September 1, 2001
Journal Article

Three-Dimensional Millimeter-wave Imaging for Concealed Weapon Detection


Millimeter-wave imaging techniques and systems have been developed at the Pacific Northwest National Laboratory (PNNL) for the detection of concealed weapons and contraband at airports and other secure locations. These techniques were derived from microwave holography techniques which utilize phase and amplitude information recorded over a two-dimensional aperture to reconstruct a focused image of the target. Millimeter-wave imaging is well suited to the detection of concealed weapons or other contraband carried on personnel since millimeter-waves are non-ionizing, readily penetrate common clothing material, and are reflected from the human body and any concealed items. In this paper, a wide-bandwidth, three-dimensional, holographic microwave imaging technique is described. Practical weapon detection systems for airport, or other high-throughput applications, require high-speed scanning on the order of 3 to 10 seconds. To achieve this goal, a prototype imaging system utilizing a 27-33 GHz linear sequentially switched array and a high-speed linear scanner has been developed and tested. This system is described in detail along with numerous imaging results.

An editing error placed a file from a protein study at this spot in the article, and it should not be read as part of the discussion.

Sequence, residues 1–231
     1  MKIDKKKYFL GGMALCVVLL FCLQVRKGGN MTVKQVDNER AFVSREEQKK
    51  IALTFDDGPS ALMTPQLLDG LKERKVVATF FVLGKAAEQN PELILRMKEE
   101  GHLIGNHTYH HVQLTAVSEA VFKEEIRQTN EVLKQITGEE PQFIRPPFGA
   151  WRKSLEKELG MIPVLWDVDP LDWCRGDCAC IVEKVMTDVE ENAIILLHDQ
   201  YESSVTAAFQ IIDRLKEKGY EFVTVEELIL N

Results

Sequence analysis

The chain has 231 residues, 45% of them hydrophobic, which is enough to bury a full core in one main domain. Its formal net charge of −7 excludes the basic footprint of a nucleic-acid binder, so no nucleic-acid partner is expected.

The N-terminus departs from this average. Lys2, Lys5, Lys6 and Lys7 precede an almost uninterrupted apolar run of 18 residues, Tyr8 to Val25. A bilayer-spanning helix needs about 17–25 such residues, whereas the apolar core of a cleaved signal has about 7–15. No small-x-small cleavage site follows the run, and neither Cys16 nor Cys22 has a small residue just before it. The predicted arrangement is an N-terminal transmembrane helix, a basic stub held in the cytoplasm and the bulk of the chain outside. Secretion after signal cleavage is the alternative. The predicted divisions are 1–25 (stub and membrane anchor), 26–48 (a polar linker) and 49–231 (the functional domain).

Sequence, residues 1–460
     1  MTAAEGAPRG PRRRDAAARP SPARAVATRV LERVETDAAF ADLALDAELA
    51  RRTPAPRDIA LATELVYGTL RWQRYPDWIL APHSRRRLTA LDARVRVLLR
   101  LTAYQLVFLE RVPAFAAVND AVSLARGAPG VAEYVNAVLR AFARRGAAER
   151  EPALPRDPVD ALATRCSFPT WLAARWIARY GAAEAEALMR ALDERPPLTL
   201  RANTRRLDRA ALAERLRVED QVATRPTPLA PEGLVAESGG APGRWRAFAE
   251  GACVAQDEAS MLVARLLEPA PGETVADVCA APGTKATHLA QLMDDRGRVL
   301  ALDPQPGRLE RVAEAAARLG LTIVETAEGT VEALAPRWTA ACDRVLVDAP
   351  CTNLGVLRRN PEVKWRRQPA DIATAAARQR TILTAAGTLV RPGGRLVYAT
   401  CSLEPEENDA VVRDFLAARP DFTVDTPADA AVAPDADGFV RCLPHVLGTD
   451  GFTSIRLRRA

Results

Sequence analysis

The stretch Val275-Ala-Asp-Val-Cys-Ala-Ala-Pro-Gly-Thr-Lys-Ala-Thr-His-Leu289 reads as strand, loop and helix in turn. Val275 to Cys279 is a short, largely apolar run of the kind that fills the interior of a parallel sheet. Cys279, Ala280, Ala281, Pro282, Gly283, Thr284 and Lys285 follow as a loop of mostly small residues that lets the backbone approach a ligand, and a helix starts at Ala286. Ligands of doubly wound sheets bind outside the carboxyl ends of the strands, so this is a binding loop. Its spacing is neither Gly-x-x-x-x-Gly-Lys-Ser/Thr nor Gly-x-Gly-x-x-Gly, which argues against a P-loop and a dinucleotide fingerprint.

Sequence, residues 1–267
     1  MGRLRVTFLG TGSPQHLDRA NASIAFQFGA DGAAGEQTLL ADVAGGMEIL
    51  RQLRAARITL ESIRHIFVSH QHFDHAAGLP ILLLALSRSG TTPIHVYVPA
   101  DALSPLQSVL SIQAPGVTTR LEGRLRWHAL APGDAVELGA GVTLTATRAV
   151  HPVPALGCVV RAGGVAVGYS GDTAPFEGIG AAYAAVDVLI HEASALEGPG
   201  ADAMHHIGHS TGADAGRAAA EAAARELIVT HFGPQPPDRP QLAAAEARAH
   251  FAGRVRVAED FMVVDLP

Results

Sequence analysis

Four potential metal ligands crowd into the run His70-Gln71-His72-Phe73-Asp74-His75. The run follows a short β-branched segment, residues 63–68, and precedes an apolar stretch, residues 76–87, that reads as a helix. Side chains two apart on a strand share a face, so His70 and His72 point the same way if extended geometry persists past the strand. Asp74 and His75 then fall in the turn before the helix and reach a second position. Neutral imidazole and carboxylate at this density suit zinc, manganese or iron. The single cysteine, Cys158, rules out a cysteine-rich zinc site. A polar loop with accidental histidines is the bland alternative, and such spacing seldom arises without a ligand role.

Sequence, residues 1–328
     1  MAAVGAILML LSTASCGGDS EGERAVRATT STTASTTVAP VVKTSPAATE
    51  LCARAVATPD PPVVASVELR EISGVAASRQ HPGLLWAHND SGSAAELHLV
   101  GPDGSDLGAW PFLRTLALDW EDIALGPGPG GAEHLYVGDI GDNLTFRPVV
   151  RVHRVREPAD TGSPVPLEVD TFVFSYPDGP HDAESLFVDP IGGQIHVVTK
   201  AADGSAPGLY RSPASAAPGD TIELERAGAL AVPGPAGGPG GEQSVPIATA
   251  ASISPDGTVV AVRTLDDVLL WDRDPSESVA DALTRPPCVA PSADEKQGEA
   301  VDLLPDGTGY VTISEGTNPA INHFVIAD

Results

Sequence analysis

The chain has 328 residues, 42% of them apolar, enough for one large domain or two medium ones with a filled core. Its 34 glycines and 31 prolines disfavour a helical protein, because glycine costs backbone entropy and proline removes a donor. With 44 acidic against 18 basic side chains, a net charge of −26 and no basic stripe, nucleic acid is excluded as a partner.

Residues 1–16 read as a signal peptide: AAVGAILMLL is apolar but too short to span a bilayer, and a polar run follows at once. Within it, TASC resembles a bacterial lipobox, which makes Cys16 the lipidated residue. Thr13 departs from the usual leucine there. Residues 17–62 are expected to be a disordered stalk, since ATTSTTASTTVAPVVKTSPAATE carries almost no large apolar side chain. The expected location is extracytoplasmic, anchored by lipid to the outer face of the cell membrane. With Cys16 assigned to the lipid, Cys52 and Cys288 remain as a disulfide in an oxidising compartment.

Revised: April 8, 2002 | Published: September 1, 2001


Sheen D.M., D.L. McMakin, and T.E. Hall. 2001. Three-Dimensional Millimeter-wave Imaging for Concealed Weapon Detection. IEEE Transactions on Microwave Theory and Technique 49, no. 9:1581-1592. PNNL-SA-33821.